The Oradour-sur-Glane Massacre
The story of survivor Madame Marguerite
The following is the testimony of Madame
Rouffanche in the 1953 military tribunal at Bordeaux, as quoted
in the Official Publication:
"Shoved together in the holy
place, we became more and more worried as we awaited the end
of the preparations being made for us. At about 4 p.m. some soldiers,
about 20 years old placed a sort of bulky box in the nave, near
the choir, from which strings were lit and the flames passed
to the apparatus which suddenly produced a strong explosion with
dense, black, suffocating smoke billowing out. The women and
children, half choked and screaming with fright rushed towards
the parts of the church where the air was still breathable. The
door of the sacristy was then broken in by the violent thrust
of one horrified group. I followed in after but gave up and sat
on a stair. My daughter came and sat down with me. When the Germans
noticed that this room had been broken into they savagely shot
down those who had tried to find shelter there. My daughter was
killed near me by a bullet fired from outside. I owe my life
to the idea I had to shut my eyes and pretend to be dead.
Firing burst out in the church then
straw, faggots and chairs were thrown pele-mele onto bodies lying
on the stone slabs. I had escaped from the killing and was without
injury so I made use of a smoke cloud to slip behind the altar.
In this part of the church there are three windows. I made for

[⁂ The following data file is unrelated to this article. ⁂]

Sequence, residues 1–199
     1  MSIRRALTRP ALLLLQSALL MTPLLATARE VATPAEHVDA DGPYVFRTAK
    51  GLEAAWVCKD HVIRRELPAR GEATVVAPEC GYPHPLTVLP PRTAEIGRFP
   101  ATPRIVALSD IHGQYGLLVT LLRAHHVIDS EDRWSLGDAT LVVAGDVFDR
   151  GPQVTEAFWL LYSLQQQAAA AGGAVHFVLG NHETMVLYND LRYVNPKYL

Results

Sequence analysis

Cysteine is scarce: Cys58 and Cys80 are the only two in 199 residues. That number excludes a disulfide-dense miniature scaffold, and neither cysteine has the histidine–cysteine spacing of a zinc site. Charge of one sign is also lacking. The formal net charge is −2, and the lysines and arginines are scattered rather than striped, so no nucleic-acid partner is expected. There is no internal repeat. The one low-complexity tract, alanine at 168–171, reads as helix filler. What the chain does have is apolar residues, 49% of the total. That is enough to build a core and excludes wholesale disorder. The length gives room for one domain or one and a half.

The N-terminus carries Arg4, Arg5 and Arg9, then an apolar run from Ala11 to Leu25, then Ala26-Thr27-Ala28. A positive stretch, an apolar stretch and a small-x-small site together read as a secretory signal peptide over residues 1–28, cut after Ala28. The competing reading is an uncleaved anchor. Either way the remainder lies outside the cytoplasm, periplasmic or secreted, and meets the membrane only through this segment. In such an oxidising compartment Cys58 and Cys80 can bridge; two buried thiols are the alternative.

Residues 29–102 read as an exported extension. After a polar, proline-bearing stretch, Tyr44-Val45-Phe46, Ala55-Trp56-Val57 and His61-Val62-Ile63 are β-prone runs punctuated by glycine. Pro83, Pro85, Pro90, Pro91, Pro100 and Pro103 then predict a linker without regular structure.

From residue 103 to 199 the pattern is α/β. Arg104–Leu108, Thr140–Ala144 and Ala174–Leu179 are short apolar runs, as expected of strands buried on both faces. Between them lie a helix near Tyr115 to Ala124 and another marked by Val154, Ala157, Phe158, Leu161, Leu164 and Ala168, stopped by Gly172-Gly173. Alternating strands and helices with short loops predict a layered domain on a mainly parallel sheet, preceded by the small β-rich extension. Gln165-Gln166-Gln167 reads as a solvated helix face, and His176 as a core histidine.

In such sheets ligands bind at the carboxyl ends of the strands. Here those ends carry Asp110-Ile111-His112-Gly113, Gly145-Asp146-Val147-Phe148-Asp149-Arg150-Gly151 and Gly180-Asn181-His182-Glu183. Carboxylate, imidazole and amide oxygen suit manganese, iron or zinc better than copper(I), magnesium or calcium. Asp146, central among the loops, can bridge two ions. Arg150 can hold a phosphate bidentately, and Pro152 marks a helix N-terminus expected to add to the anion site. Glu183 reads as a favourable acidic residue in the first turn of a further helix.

the widest one in the middle and with the help of a stool used
to light the candles, I tried to reach it. I don't know how but
my strength was multiplied. I heaved myself up to it as best
I could and threw myself out of the opening that was offered
to me through the already shattered window. I jumped about nine
When I looked up I saw I had been
followed in my climb by a woman holding out her baby to me. She
fell down next to me but the Germans, alerted by the cries of
the baby, machine-gunned us. The woman and the mite were killed
and I too was injured as I made it to a neighboring garden and
hid among some rows of peas and waited anxiously for someone
to come to help me. That wasn't until the following day at 5
Many accounts of the escape from the
church say that Madame Rouffanche used a "ladder,"
but it is more likely that it was a stool, as Madame Rouffanche
mentioned in her testimony. The space between the back of the
altar and the wall under the window is only about two feet wide,
hardly wide enough to use a step ladder. After the massacre,
the bodies of 15 to 20 children were found piled up behind the
alter in the narrow space where Madame Rouffanche had used a
stool to climb up to the window, according to the Bishop's Office
report. The stool or ladder apparently burned in the fire in
the church, as it is no longer there.
The bottom edge of the window is around
9 feet from the floor of the church. The wall under the window
is about six feet straight up and then it is an additional three
feet up a slanted section of the wall.
Madame Rouffanche's final words to the
court were "I ask that justice be done with God's help.
I came out alive from the crematory oven; I am the sacred witness
from the church. I am a mother who has lost everything."
The term "crematory oven," which was evocative of the
Holocaust, was a reference to the burning of the women and children
in the church.